Of Taiwan Miracle And How India Can Ride the Wave of Hi-tech Manufacturing

With the call for ‘Make in India’ campaign by Prime Minister Narendra Modi, many industrial countries in the world are now exploring the possibility of making India a manufacturing hub.  In the last few years China’s manufacturing capacity has hit stagnation, owing to the growing labor cost and its discouraging policies towards foreign companies.  And in the recent weeks, China’s economy has started to show signs of weakness that could probably systemic in nature.   Countries like Japan and Taiwan that have traditionally setup manufacturing units in China have slowed down their investments into that country for last three years.  Most other East Asian giants are now looking for alternative destinations.  This could be a golden opportunity for India if it positions itself proactively, both as a growing market and a preferred manufacturing destination.

Million Club Manufacturing
Million Club Manufacturing

India happens to be one of the fastest growing markets on the planet adding millions of consumers to the global market with each passing year.  Due to availability of non-agricultural jobs in expanding industrial and urban areas in the last two decades, India has been creating one of the world’s largest middle class groups through economic upward mobility.  Nearly 120 million Indians moved into the middle class during 2004-2010 – that’s more than one-third of US population. And according to the World Bank, India may have a billion people in the middle class by 2025.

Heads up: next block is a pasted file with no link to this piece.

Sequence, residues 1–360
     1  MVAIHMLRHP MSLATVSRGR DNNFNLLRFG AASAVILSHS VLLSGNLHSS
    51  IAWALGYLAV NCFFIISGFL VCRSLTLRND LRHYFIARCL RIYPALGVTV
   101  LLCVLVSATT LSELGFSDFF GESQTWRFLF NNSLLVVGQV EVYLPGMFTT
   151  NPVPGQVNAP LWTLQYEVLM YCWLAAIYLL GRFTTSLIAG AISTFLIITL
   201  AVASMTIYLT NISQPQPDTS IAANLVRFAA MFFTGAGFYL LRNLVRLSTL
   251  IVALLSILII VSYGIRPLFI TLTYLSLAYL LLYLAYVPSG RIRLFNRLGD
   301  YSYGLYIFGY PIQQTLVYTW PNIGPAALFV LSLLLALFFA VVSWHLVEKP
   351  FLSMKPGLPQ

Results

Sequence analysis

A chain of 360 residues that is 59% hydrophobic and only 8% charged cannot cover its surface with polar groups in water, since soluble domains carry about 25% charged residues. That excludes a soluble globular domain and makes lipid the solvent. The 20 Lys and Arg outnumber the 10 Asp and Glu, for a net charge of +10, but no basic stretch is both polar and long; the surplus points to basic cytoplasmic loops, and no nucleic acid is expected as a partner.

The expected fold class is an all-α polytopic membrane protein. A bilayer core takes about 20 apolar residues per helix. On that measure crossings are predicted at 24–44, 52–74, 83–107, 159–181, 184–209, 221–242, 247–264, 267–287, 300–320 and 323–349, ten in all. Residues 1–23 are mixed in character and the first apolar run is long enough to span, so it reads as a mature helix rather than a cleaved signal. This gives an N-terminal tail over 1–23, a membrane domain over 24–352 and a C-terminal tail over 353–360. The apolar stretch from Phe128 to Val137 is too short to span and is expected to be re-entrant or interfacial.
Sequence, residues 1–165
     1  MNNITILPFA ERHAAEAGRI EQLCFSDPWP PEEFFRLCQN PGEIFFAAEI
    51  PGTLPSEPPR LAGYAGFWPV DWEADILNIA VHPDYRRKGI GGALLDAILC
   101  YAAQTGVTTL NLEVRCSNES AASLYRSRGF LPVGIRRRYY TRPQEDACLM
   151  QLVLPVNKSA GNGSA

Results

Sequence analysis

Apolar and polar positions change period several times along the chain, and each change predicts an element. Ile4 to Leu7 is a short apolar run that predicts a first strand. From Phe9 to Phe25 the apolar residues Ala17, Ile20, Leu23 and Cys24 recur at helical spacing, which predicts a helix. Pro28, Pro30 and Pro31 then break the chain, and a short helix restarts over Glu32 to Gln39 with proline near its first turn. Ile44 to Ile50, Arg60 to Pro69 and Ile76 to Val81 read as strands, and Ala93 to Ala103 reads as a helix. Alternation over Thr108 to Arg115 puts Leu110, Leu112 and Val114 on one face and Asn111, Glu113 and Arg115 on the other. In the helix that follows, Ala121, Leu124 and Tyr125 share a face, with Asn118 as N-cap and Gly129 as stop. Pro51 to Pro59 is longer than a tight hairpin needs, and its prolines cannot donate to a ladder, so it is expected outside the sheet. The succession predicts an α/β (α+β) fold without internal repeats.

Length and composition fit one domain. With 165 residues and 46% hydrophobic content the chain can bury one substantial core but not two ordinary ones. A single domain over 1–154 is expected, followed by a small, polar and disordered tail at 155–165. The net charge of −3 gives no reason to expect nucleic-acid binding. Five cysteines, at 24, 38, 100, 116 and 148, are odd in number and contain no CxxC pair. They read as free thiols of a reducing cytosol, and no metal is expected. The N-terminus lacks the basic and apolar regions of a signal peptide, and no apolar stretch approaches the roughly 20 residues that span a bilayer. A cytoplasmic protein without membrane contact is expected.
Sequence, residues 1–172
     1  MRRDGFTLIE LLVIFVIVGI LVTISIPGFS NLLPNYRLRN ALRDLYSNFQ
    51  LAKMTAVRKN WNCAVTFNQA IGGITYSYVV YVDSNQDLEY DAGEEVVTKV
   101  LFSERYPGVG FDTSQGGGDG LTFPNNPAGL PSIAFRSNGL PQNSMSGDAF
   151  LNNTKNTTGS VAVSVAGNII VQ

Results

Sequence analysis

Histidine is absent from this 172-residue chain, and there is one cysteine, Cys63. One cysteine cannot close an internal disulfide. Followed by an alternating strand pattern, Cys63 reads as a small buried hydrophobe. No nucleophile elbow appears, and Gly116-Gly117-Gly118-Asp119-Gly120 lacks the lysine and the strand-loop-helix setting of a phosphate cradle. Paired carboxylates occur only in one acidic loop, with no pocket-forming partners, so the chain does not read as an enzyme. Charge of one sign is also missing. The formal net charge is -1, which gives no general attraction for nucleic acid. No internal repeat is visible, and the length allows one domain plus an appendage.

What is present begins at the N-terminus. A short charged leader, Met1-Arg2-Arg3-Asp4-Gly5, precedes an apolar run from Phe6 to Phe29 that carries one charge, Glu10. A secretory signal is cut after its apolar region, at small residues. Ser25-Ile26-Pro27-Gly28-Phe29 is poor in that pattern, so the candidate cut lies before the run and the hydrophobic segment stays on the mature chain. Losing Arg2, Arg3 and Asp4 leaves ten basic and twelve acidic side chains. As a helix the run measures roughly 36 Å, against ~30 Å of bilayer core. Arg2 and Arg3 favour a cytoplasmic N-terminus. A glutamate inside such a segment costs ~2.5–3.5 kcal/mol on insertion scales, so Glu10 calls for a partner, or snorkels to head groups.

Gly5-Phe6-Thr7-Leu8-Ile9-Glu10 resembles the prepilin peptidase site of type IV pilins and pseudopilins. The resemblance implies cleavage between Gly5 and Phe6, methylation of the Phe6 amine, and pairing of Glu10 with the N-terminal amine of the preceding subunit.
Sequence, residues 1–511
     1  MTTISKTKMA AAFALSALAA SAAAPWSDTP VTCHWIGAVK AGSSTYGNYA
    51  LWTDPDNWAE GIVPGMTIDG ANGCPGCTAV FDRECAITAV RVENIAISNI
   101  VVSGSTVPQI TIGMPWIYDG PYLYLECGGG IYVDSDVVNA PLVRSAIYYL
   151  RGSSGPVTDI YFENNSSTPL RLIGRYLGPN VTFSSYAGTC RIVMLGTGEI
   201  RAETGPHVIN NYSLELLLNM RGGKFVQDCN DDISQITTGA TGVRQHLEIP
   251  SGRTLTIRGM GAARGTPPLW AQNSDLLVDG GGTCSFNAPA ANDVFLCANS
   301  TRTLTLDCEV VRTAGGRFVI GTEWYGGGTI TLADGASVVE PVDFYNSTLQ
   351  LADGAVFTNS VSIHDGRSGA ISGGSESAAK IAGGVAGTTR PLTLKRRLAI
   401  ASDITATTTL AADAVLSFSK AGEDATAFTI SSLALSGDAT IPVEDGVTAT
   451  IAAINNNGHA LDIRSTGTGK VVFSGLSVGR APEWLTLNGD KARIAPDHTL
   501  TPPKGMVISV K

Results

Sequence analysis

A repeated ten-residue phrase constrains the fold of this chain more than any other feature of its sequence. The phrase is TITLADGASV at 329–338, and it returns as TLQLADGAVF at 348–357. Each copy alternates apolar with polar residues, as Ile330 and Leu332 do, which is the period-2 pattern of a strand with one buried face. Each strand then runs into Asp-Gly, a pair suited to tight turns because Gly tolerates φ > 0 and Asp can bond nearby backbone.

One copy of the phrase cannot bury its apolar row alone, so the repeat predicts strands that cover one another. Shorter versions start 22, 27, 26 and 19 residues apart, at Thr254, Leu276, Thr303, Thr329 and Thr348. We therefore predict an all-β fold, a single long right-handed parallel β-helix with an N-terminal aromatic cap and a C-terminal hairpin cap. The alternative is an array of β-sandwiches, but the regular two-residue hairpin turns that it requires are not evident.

One of the modern trends of Indian middle class has been its growing appetite for consumer electronics.  Gadgets like TV, PC, Mobile Phone, which were considered luxuries few decades ago, are now considered basic necessities.  And India’s young and ambitious population is ready to spend twice the monthly salary to own an electronic gadget that has two years of lifetime.  Plus the Indian businesses are buying more telecom equipment gear and enterprise electronics each year – already our communication equipment import exceeds USD 30 Billion.

Right now, India is consuming USD 100 Billion worth of electronics, about 5% of our GDP, and this is increasing at CAGR of 37% to reach USD 400 Billion in five years, soon to overtake oil as India’s biggest import.  Alarmingly, the bulk of this consumption is met by imports.  The current domestic electronic production is increasing at a snail pace of 15% further widening the yawning gap with the domestic consumption.

India is creating one of the world’s largest workforces on the planet – adding 13M each year; out of which 1.5M are engineers.  Thanks to the demographic dividend, India has the largest youth population in the world, and it will continue to do so.  While more than two-thirds of India’s population will be younger than 45 by 2035, nearly half of China’s population will be older than 45 – mostly due to their one-child policy.  This is an opportunity and as well a challenge for India.   If this nation can increase its manufacturing base, it could provide employment to this growing workforce; and if it doesn’t, it could create large scale unemployment leading to discontent.  Of late, many manufacturers in China bemoan that they are finding it tough to hire qualified labor at reasonable cost.  With India’s wages roughly at two-thirds of China, it offers a competitive advantage.